• Read a book series: I know that taking on something that is multiple thousands of pages in a time when you don’t seem to be able to focus on a single book may seem counter-intuitive but hear us out: there is a reason we all stuck through Lord of the Rings or the Harry Potter series as kids: longer forms of storytelling allow for deeper connections to characters, a greater sense of escapism etc. In other words, they help you get lost. Some good-for-your-brain suggestions on our end: Hilary Mantel’s Thomas Cromwell series: Wolf Hall, Bring Up The Bodies and now, most recently, The Mirror & The Light (if you can’t speak the truth at a beheading, when can you speak it?), Elena Ferrante‘s Neapolitan novels (pair with the HBO adaptations) or maybe Jussi Adler Olsson’s Department Q novels, if you lean toward the murder-y end of the reading spectrum. Alternatively, it is a great time to become a completist of a single author.

  • Subscribe to the New Yorker, actually read it: you know what I’m talking about.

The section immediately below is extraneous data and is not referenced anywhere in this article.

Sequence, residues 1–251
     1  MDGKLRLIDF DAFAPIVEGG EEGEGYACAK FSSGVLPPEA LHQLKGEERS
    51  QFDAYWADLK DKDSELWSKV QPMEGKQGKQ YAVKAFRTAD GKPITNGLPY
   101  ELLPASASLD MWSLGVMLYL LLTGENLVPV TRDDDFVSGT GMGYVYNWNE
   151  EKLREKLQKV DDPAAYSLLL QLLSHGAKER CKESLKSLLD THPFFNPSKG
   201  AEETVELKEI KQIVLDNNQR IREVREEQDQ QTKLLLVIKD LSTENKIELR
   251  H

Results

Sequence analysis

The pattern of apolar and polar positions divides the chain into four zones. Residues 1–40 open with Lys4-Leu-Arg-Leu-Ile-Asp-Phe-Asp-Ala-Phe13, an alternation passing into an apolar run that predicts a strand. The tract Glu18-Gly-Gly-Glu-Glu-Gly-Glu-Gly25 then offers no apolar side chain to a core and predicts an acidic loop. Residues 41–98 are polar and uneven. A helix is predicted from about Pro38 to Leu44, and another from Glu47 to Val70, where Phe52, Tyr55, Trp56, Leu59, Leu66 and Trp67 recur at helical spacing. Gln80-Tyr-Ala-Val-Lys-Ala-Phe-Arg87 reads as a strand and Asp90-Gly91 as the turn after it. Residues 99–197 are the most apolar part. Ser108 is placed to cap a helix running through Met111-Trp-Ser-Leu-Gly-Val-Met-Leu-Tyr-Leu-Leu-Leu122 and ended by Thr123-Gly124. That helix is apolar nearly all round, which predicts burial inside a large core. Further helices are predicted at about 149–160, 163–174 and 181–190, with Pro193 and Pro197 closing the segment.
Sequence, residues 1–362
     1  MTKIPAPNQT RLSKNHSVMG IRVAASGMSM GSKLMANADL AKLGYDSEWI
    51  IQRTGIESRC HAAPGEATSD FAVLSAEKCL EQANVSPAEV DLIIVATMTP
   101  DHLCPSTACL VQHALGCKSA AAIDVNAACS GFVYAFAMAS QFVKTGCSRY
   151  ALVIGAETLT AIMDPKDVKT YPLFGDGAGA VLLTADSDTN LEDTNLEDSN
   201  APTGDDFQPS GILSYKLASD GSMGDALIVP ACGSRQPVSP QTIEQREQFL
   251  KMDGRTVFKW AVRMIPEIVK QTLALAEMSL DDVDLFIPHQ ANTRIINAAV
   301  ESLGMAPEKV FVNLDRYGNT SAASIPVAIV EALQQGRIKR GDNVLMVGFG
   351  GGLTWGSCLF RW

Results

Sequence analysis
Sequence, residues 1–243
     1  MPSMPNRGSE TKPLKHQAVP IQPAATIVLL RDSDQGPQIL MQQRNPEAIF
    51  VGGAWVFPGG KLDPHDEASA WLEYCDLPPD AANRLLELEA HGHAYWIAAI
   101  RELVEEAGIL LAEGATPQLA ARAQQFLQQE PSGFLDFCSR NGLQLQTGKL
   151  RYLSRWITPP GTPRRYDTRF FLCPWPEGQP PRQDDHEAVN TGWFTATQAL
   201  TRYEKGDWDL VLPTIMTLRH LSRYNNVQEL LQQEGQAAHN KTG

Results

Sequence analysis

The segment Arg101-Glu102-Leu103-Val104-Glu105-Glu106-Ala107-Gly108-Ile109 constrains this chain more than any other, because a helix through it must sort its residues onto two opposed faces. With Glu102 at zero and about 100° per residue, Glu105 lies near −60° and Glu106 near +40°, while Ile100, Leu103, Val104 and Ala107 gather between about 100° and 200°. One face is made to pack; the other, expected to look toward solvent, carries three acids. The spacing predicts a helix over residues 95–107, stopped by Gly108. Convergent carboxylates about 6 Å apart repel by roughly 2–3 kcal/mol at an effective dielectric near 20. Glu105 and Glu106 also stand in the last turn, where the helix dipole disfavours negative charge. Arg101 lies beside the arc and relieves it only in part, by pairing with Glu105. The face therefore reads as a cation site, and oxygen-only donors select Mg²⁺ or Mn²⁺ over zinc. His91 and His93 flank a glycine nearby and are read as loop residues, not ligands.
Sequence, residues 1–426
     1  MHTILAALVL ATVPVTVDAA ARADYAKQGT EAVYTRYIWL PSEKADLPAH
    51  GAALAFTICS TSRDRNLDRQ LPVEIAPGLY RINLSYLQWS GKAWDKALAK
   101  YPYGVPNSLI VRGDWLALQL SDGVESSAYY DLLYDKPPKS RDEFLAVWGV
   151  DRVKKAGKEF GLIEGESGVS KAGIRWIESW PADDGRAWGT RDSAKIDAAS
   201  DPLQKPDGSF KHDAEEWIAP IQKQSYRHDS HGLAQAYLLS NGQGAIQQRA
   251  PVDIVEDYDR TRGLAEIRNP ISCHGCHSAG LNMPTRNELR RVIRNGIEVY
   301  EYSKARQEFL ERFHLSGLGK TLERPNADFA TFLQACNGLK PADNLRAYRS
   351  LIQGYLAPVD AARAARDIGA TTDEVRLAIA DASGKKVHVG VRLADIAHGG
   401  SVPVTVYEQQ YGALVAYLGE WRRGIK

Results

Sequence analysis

• Step away from a screen and toward a podcast, and then listen to ALL OF IT: Shows like Reply All or Armchair Expert were built for a time like this, so you can pretend that you are in a room with smart, engaging people who have smart, engaging things to share with you. The March 11th episode of Reply All, which dealt with a 90s music mystery, is a great place to start believing in podcasts again.

  • Julie and Julia your cookbooks: If you are anything like us, you have a huge stack of cookbooks that you love leafing through but don’t use. Commit to using them, all of them: say that once, twice, three times a week you will cook something new from a different cook book. Spend time picking these recipes out, make your household vote on it, go to a grocery store WITH INTENTION (not panic), cook it, keep yourself accountable somehow (social media posts, if need be). Trust me, you’ll love it:

  • Write Letters OR Make A Card. This whole list is mostly built around things people who are NOT into crafts can do. Having said that – greeting card making is the lowest form of crafting, and anyone can do it. How about you spend the next week or so making greeting cards to send to everyone you know for their birthdays, upcoming holidays etc. No one expects them to be fancy anyway. This seem too much? Share some positive vibes and join the Outrage Postcard Project 

What else are you doing? Share any creative (or just manageable, or even obvious) project ideas with us in comments or at [email protected]